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“GAGAN enhances reliability and reduces delays to aircraft”
What are the key challenges before aviation and the role of AAI?
Considering the transformational rate of growth in passenger traffic, airline fleet and the aircraft movements anticipated in the next few decades, the challenges that confront aviation are the need for matching airport/CNS-ATM infrastructure, airport/airspace capacity enhancement and technology up gradation. Airports Authority of India (AAI) has taken a number of initiatives to upgrade the airport and airspace infrastructure to cater for the spiraling growth in air traffic, with emphasis on safety and efficiency of aircraft operations and comfort to the traveling public.
As far as Air Navigation Services are concerned, we have improved by leaps and bounds in terms of CNSATM infrastructure. Augmentation of radar coverage, complete automation of Air Traffic Management at major airports and implementation of data link communication are some of the major technological initiatives that we have taken up to improve operational efficiency and safety. The recent international recognition in terms of Jane’s ATC award 2012 is a firm testimony to our achievements in this direction. The other major technological initiatives on the anvil are the Air Traffic Flow Management System and operationalization of the Satellite Based Navigation System of India called GAGAN.
How is GPS being integrated in the modernization of AAI’s plans in aviation security and navigation?
GAGAN is designed to provide the additional accuracy, availability and integrity necessary to enable users to rely on GPS for all phases of flight, from enroute through approach for all qualified airports within the GAGAN service volume. GAGAN, through its improved positional information will be an enabler for Performance Based Navigation (PBN) and Automatic Dependent Surveillance – Broadcast (ADS-B) and Route optimization through direct routing.
It has been said that India will have certified GAGAN by 2013. How close we are to this?
GAGAN signal in space is already available. It has entered the final operational phase and on certification of the system, which is in process, the system is expected to be operational by June 2013.
Are we equipped to put GAGAN to its optimum use for air navigation?
As I mentioned earlier, GAGAN is operational and signals are already available for non-aviation use. On certification, the system will be available for aviation use for aircraft equipped with suitable SBAS receivers. As such, we are fully committed and ready to put the system in operation for aviation as per schedule.
What is your preparation to make prospective users aware about GAGAN and its applications?
A GNSS User meet was organized jointly by ISRO and AAI in which 250 delegates from the government, aviation industry and educational institutions participated. The meeting provided all the participants with an insight into GAGAN, its operation, potential areas of its application, the advantages of GAGAN, etc. Another GNSS user meet has been planned in Delhi this month. In addition, many awareness programs and interactive sessions on GAGAN have been organized as part of conferences/ seminars conducted by AAI and other aviation-related organizations.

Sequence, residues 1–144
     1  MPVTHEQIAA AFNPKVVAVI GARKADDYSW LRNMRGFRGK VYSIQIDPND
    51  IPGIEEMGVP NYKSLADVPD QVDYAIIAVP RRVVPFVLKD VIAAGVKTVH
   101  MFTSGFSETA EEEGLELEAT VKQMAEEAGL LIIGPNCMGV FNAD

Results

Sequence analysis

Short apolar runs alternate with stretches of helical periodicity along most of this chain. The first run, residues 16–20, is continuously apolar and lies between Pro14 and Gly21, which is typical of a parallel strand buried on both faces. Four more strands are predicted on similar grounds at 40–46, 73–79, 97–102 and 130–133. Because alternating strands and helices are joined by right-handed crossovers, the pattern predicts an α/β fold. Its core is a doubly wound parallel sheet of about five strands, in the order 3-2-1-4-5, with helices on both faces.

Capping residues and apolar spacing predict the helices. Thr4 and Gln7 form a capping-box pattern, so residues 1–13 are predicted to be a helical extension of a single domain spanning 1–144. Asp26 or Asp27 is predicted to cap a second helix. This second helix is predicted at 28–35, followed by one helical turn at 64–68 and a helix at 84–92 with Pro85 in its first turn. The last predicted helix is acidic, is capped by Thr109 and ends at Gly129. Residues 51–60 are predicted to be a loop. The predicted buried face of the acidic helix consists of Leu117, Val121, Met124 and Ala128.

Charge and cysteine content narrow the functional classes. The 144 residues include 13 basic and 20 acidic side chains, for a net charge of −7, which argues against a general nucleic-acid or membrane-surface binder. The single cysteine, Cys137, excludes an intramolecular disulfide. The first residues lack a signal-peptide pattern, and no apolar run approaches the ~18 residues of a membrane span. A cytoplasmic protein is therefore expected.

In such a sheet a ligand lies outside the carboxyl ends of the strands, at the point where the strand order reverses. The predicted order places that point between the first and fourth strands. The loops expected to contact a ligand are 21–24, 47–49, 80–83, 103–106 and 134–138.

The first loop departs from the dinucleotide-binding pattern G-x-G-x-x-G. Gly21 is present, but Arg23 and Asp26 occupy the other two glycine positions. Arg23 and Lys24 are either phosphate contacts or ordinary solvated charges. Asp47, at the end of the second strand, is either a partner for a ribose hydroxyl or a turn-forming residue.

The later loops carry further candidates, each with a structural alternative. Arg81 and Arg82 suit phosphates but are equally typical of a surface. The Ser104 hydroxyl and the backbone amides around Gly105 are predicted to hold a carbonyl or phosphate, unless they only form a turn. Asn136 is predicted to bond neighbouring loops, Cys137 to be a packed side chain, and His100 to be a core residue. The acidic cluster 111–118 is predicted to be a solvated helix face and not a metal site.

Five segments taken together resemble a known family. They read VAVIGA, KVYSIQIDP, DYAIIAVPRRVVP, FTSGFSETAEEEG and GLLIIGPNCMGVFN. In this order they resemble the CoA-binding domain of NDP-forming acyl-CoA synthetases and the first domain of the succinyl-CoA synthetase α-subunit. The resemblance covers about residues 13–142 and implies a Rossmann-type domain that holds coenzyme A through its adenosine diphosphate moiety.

How is the implementation of GAGAN going to be commercially beneficial for the Indian Aviation Industry?
GAGAN through improved position information permits approaches with vertical guidance, thereby improving access to the airport even during bad weather conditions and consequently reducing diversion of aircraft to other airports. This ensures fuel savings for airlines and reduction in environmental emission. GAGAN enhances reliability and reduces delays in flights, and aids passengers by defining more precise terminal area procedures that feature parallel routes and optimized airspace corridors. This again ensures considerable flight time/fuel savings and valuable man-hours contributing immensely to the Indian economy apart from environmental benefits.
How do you see the issue of interference and spoofing of satellite signals as threats for the aviation industry? Is AAI preparing for any special measures to counter it?
Unintentional interference to GNSS signals may arise from several sources, operating in the same bands as GNSS or in other bands. A non-exhaustive list would include mobile and fixed VHF communications, television signals, certain radars, mobile satellite communications, military systems, point-to-point microwave links, GNSS repeaters and systems on-board aircraft (both avionics and passenger devices).
Intentional interference to GNSS signals (jamming) so far has typically targeted non-aviation users, but it may affect aviation users as well. Presently, AAI is mitigating the effects of interference by effective spectrum management and interference tracking.
Further, International Civil Aviation Organization (ICAO), AAI, other ANSPs, standardization bodies, manufacturers and aircraft operators are also assessing the cost-benefit aspect of an effective solution to the above issues which is the use of multi-constellation, multi-frequency GNSS. As far as the interference caused by Ionospheric scintillations is concerned, the Unique IONO algorithm developed for GAGAN would address the issue to a large extent.
The ultimate goal of the industry is to establish an institutional and legal framework that would enable the unrestricted use of any GNSS element.